Lighting Up the Longlist with Her Second Novel

New Zealand author Eleanor Catton, 27, has made the Man Booker Prize longlist for her novel, The Luminaries, which will be released in New Zealand on 1 August and in the US in October. Catton is the youngest of the 13 nominees. With a prize of more than US$58,000, the Man Booker has one of the world’s largest awards for a single work. Its longlist and shortlist are celebrated in England, where the contest is tracked by betting agencies. The gala award ceremony, which takes place on 15 October, is broadcast nationally on the BBC.

A murder mystery set in and around Hokitika in the gold rush year of 1866, The Luminaries uses astrological star charts as an organising principle, rotating 12 characters born under 12 different star signs through a complex 12-month schema, while eight other characters move in and out of phase with them. It is over 800 pages long. “The idea was that a man turns up in a bar on the West Coast, during the gold rush,” Catton tells the New Zealand Listener’s David Larsen.

“He has his own weather. He’s extremely wet, and it’s obvious it’s raining on him, but it’s not raining on anyone else. So he’s kind of treated with suspicion, but he sits down and he’s given a meal, and as he begins to eat his chest begins to bleed. He kind of staggers back, and it becomes obvious he’s been shot. And again, this is very strange, because nobody in the room has shot him, and there’s no audible gun shot. So that was the first idea.” Catton’s acclaimed 2007 debut novel The Rehearsal was written as her Master’s thesis, while studying at Victoria University’s Institute of Modern Letters.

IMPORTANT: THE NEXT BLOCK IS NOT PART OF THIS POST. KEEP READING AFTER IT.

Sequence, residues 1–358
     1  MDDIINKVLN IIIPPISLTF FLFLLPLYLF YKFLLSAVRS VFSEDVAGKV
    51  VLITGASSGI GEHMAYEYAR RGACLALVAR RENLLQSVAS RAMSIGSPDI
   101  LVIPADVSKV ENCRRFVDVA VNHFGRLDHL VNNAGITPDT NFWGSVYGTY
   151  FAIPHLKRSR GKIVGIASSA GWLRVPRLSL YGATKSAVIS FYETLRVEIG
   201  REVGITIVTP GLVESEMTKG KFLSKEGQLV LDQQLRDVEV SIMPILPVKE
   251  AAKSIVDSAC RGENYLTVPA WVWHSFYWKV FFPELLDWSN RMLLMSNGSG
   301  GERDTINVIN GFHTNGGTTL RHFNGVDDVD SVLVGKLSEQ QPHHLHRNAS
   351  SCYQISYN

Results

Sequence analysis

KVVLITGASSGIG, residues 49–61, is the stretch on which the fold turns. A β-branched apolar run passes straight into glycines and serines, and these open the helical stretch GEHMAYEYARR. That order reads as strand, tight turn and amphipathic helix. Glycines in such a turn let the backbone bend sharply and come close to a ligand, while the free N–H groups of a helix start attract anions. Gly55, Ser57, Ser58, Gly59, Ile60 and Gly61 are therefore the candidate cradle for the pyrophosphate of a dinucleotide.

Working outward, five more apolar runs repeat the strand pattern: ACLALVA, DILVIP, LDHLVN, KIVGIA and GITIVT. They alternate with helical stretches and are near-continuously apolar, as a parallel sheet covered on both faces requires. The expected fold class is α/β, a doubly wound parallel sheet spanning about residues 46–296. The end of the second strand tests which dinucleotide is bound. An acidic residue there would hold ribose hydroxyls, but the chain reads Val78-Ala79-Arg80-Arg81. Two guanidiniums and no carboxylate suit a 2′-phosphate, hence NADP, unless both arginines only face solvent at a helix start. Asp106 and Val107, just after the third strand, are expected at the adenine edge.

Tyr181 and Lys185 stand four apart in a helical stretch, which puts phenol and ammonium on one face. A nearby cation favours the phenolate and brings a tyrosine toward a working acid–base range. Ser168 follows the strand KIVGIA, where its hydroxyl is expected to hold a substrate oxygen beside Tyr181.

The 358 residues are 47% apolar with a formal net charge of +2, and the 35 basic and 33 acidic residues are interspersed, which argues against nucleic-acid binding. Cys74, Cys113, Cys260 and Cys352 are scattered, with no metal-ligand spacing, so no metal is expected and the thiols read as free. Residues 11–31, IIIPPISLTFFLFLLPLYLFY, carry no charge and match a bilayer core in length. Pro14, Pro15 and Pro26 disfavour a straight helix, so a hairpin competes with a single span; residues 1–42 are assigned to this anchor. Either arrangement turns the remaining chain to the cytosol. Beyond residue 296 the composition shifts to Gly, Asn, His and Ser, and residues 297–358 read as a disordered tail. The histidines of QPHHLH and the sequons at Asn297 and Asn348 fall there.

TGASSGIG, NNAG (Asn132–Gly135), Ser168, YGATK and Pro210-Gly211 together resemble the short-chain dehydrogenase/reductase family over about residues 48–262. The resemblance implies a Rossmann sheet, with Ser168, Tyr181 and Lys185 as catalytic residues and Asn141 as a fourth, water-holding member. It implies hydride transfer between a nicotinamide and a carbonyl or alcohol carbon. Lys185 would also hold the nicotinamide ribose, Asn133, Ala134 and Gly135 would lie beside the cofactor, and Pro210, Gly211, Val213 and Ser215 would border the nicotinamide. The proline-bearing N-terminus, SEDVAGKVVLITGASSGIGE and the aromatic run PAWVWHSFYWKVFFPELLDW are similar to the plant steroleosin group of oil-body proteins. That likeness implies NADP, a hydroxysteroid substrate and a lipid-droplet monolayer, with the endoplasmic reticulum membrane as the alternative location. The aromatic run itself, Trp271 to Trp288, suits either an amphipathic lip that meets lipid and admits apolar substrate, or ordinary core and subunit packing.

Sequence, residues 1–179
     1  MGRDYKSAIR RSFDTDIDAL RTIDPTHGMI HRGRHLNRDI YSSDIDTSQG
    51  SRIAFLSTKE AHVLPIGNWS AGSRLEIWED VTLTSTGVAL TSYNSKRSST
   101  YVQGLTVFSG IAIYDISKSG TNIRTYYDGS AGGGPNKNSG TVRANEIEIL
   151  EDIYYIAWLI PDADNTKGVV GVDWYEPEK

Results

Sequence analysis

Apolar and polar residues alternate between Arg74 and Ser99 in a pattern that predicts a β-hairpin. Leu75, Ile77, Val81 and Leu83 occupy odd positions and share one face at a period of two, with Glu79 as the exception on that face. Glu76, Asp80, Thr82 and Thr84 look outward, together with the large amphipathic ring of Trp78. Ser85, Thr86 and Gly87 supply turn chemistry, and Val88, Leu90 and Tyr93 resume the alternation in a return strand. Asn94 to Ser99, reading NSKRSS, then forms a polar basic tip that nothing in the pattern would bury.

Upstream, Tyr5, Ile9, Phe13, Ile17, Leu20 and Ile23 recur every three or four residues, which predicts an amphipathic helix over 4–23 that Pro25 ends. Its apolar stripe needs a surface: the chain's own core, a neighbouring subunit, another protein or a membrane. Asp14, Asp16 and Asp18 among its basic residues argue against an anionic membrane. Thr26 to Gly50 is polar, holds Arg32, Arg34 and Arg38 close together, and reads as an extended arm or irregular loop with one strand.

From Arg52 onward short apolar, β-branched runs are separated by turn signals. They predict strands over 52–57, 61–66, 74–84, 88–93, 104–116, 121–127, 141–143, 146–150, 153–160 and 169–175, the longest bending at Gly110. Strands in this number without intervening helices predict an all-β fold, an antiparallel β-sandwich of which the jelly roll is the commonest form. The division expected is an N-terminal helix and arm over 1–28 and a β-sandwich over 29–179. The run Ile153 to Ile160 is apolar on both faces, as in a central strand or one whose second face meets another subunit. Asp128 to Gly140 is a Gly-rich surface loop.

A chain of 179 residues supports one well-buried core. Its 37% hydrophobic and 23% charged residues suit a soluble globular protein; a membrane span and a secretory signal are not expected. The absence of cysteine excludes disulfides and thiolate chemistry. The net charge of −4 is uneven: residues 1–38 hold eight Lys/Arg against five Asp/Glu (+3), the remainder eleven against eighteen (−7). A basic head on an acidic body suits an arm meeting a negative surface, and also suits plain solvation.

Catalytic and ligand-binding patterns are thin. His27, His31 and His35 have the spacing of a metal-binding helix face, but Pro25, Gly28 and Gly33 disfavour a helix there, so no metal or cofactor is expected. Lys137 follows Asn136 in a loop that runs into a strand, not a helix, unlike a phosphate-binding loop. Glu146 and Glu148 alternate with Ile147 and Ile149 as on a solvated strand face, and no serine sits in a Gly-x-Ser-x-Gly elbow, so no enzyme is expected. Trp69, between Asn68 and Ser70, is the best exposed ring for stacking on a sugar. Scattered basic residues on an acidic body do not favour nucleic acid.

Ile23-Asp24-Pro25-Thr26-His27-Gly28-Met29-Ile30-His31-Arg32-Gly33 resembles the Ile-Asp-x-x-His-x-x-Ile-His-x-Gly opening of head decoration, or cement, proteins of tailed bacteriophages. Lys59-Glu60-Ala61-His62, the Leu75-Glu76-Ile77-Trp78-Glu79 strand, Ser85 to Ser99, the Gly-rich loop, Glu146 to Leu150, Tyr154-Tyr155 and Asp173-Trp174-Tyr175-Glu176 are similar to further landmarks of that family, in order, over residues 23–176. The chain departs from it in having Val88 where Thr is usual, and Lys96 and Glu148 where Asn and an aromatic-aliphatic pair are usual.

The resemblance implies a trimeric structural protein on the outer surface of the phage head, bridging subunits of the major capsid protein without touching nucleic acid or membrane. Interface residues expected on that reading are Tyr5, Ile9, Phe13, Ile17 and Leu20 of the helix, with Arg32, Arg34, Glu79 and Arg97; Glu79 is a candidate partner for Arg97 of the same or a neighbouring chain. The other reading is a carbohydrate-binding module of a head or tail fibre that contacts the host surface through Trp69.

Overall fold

Tags: Eleanor Catton  Los Angeles Times  Man Booker Prize  New Zealand Listener  The Institute of Modern Letters  The Luminaries  The Rehearsal  

Pirate Comedy Deserves Another Season

Pirate Comedy Deserves Another Season

Cancelled after two season, Taika Waititi’s “silly comedy” Our Flag Means Death “deserves one more voyage”, according to Radio Times critic George White. “ was meant to be sacred…